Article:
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Gene Stavis, RIP

Handout received this sad news from filmmaker CJ Gardella, regarding the death of professor and film collector Gene Stavis, who was interviewed by Handout in 2012. CJ sent this memoriam in Gene’s honor.


My dear friend Gene Stavis has passed away. I regret sharing this news, but want to take a moment to share a little about him for those that knew him or maybe didn’t.

He LOVED film. He discovered a lost student film by Orson Welles at a library in Greenwich, CT. called “The Hearts of Age.” He confronted him over the phone while he was at a hotel in Las Vegas, “excuse me Mr. Welles, I have a film that belongs to you.” Welles: “It’s a fake, burn it.” Gene: “But Mr. Welles, you’re in it.” He worked with Henri Langlois at the Cinémathèque Francais in the 1970’s. Langlois asked him, “Stavis? Is that short for something?” Gene: “Stavisky.” The name of the notorious French gangster immortalized by Jean-Paul Belmondo. Langlois: “I knew there was a reason I hired you.” Gene served as the American representative for the cinémathèque and travelled with Langlois while he was in the states to accept his honorary Oscar. Gene got to meet the likes of Jean Renoir, Fritz Lang, Alfred Hitchcock, Groucho Marx and many more. He said Parisians would often take he and Langlois for brothers. Gene would screen movies in his apartment from his collection of 2000 16mm film prints for everyone; a screening of “The 5000 Fingers of Dr. T.” for the kids in the building or a print of “Little Caesar” for Douglas Fairbanks Jr. He was the end all of film knowledge and above that he was one of the most earnest, standup human beings I’ve had the privilege of knowing for the past 12 years. Our friendship began with Ernst Lubitsch. He showed me every Lubitsch print he had in his collection, including “Broken Lullaby” Lubitsch’s only foray into drama and allegedly James Dean’s first onscreen appearance. From there we became fast friends. We worked together to put legs under the SVA Theatre, Gene’s own cinémathèque!! His love was sharing films before an audience. It was his passion. He loved the splash of the movie studio logo on the red curtains as they parted to reveal the screen. He enabled me to make my own movies and fed me lunch and showed me movies when I was broke. I love the man and will miss him dearly. It’s not often that someone of such genuine originality and humor comes down the pike. He was a person of great humanity and wisdom.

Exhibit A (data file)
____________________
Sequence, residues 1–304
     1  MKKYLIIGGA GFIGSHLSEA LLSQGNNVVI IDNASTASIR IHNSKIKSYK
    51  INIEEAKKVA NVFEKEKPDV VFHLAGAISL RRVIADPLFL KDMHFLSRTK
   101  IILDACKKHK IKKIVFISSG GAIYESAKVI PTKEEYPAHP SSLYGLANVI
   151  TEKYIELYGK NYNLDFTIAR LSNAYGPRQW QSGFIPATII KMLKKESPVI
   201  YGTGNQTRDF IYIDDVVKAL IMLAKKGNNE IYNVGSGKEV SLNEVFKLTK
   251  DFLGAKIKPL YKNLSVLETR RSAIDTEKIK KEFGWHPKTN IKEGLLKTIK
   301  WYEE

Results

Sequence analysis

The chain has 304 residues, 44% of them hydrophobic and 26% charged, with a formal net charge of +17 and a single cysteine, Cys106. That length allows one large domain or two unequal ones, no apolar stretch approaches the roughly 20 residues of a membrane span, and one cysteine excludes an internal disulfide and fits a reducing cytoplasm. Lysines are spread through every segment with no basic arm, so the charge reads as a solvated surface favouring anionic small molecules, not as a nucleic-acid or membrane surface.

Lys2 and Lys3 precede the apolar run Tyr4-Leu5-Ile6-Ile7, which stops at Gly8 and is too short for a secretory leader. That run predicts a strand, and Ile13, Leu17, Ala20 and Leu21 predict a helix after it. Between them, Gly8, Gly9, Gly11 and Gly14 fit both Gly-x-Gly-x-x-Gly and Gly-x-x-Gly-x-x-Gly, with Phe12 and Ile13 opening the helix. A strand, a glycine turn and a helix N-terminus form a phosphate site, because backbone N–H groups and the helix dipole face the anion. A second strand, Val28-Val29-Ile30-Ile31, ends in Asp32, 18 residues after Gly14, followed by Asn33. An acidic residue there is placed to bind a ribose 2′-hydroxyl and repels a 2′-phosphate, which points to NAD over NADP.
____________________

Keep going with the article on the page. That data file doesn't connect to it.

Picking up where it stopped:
Above picture: Gene (center) with Langlois & director George Stevens.  

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Just Like Sister Ray Says, a Lou Reed Appreciation

When Kurt Cobain died I was 13. I wore his suicide on my sleeve for several years. I identified with him and it, and wanted to preserve his timelessness, not make light and deflect. I learned from his work to accept people lovingly, as they are as they were as a trend as a friend…

When Syd Barrett died I was 25 and was temping at Bear Stearns doing accounting tasks that I did not understand but somehow accomplished anyway. I wrote an “appreciation” and posted it on my website, and sent it to my dad. He had written a brief prayer on the night John Lennon died which I have read many times and I thought he would empathize with the loss of a hero. Barrett made awkward beautiful. Timeless forgotten graspings. The sea isn’t green / and I love the Queen. Puddletown Tom was the underground.

When Elliot Smith died I was 23 and standing on Broadway between 157th and 158th streets, about to go underground to the train. My brother-in-law called me and asked if I’d heard. I hadn’t. He told me. I laughed. Not that I thought his personal horror and tragedy was comedy – but because I had learned to be distant from my heroes. At least the ones that I did not know personally. I was working at a dog kennel and was a blistering painful confusion following distant lights of inspiration and patience.

I thought of Dan Bern’s song, “Kurt.” “If you want my tears tell me your name / Give me your hand let me feel your pain / But for Kennedy and Jesse James / There’s Joan of Arc and Kurt Cobain.”